Exchange rate movements in 2023 are in many ways reminiscent of those in 2022, when the ISK strengthened markedly until summer and then retreated again in the autumn.
ISK settles into a winter calm after a blustery autumn
The ISK has been relatively stable in the past month, after sliding during the autumn. Presumably, the past few months’ exchange rate movements stem from trade-related flows, financial flows, and changes in positions with the ISK. The outlook is for a fairly well balanced FX market in the coming year, with the ISK more likely to strengthen than to weaken.
Nevertheless, the ISK appreciated somewhat in the third week of November, and since the last week of the month it has been quite stable against the euro. The euro is the main foreign currency in the Icelandic FX market, as market transactions take place in euros and krónur, and the euro accounts for a large share of external trade and capital flows to and from Iceland.
But why has the ISK behaved this way in H2/2023? There are several explanatory factors, as we see it. First of them is trade in goods and services. As in 2022, the autumn was a difficult season for trade-related flows. In October 2023, the goods account showed a deficit of just over ISK 50bn, Iceland’s largest in twelve months, as we have reported recently, but that deficit shrank markedly in November. Tourism-generated FX inflows also eased over the autumn months, although fortunately, the seismic activity on Reykjanes peninsula did not cut severely into tourists’ appetite for travel to Iceland in the final months of the year. The deficit on combined goods and services trade was just over ISK 18bn in October, putting an end to the string of surpluses dating from the spring, but it is likely that the deficit narrowed again in November and December, as the difference between imports and exports of goods probably shrank during the period.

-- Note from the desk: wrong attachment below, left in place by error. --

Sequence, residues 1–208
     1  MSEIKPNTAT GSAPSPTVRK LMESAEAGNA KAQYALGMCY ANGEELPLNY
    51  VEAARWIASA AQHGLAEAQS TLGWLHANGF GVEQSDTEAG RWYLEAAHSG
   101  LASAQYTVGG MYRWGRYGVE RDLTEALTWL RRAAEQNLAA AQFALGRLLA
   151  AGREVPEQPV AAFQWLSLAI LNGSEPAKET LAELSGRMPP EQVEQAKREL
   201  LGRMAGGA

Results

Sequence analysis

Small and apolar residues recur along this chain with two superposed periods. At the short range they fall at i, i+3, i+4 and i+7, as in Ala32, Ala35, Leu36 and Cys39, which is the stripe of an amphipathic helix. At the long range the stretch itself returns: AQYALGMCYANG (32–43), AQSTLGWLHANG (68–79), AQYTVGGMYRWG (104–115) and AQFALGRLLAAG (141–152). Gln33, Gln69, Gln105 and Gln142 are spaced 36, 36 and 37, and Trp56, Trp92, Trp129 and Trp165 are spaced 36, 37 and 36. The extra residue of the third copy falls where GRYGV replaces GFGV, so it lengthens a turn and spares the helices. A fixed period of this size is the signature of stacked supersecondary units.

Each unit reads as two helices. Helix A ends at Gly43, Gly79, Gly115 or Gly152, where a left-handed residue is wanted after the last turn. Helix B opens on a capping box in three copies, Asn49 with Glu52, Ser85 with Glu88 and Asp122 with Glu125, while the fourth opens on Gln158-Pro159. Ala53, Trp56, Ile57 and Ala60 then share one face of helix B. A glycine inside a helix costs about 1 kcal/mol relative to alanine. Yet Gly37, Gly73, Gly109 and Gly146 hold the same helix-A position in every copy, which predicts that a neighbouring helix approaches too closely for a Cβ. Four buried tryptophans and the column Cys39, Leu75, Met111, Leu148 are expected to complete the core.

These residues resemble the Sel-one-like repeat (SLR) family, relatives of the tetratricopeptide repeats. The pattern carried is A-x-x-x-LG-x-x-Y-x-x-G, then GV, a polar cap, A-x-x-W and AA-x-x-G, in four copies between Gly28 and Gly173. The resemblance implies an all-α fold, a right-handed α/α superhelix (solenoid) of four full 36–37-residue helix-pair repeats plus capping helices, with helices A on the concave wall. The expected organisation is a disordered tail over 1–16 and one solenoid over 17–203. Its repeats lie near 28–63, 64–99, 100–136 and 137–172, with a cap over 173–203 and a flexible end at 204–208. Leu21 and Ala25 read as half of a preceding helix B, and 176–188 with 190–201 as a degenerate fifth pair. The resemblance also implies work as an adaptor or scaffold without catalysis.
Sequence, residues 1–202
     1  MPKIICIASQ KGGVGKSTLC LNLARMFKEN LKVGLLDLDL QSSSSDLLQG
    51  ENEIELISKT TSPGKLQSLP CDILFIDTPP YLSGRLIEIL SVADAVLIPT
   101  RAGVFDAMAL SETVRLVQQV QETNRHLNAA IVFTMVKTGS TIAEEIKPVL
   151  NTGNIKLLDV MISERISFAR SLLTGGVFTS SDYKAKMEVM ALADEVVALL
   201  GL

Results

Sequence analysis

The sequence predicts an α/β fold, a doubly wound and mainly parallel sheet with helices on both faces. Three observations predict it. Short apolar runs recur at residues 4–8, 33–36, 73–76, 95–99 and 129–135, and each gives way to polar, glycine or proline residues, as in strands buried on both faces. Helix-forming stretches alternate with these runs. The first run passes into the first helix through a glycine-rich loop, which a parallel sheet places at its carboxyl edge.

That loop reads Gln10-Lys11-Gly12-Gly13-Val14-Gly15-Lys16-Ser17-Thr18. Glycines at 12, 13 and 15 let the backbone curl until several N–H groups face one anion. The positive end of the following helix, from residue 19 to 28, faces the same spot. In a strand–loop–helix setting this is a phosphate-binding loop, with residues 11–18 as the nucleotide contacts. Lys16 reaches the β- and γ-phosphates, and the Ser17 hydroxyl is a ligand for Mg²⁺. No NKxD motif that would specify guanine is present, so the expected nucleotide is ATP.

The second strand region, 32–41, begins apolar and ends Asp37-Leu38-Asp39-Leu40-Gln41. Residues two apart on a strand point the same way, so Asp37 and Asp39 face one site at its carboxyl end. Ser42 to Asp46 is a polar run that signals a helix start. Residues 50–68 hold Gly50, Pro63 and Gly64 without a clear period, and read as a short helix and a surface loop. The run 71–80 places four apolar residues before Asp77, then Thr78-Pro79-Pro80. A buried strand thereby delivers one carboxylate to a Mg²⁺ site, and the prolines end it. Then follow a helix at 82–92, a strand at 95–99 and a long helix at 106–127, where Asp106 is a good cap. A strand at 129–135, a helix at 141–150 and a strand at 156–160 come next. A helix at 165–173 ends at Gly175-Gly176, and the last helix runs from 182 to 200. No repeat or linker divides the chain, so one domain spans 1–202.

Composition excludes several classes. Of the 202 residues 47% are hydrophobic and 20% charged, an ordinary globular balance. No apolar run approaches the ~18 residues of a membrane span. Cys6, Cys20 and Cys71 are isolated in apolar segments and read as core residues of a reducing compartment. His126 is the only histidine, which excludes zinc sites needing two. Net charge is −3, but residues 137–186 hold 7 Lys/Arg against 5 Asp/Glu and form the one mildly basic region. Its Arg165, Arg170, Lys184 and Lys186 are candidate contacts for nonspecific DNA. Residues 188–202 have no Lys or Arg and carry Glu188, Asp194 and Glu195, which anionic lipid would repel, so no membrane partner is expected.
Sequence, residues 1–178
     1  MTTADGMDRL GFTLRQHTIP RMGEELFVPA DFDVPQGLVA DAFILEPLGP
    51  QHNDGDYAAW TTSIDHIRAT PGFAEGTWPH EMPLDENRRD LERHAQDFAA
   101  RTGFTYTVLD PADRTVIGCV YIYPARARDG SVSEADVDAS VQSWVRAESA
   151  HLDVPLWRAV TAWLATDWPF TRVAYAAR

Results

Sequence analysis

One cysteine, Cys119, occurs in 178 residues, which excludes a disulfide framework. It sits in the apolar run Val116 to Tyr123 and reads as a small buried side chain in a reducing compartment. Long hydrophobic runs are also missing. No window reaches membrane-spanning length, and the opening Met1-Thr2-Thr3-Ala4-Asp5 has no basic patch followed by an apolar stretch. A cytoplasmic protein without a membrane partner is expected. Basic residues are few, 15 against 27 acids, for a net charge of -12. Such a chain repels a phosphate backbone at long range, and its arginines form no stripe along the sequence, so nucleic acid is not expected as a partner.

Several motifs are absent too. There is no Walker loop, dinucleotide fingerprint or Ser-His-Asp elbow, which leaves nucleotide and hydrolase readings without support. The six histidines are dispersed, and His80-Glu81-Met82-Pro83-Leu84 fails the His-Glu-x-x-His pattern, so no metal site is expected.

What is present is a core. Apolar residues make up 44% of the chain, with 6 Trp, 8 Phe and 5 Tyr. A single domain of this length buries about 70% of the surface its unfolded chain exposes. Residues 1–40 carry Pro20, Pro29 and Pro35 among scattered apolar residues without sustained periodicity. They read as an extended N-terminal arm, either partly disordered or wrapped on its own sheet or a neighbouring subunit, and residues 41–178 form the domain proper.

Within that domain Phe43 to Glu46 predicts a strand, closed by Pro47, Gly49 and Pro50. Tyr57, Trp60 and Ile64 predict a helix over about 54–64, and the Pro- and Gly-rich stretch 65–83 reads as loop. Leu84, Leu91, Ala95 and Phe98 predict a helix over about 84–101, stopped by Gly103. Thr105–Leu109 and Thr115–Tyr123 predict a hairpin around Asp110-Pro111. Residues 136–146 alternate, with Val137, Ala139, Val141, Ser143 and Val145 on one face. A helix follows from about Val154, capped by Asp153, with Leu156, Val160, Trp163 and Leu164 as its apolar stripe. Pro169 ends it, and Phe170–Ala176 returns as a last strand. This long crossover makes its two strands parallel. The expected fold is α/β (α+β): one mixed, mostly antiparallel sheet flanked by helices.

External trade is only one factor of many
In a forward-looking and reasonably deep FX market, such seasonal fluctuations should not affect exchange rate developments, as expectations should already have been priced into the exchange rate. But the Icelandic market is shallow in international context, and the group of market participants is probably less diverse than in larger markets abroad, where speculation and hedging play a more prominent role. Furthermore, new coverage of issues such as the geological unrest on Reykjanes peninsula probably affected market agents’ expectations about developments in the ISK in late autumn and early winter.
Currency flows due to listed new investments have been far more sparse this autumn than over the same period in 2022. According to recent figures from the Central Bank (CBI), such investment-related inflows totalled just under ISK 8bn in September, October, and November combined, as compared with ISK 65bn for the same period in 2022, which made a major difference in offsetting trade-related outflows that autumn.
Here it is worth noting, however, that the settlement of the foreign acquisition of biotech firm Kerecis does not appear to have been included in these CBI data. On the other hand, it is included in CBI data on the financing balance, where net inward foreign direct investment in the amount of ISK 140bn is recorded in Q3.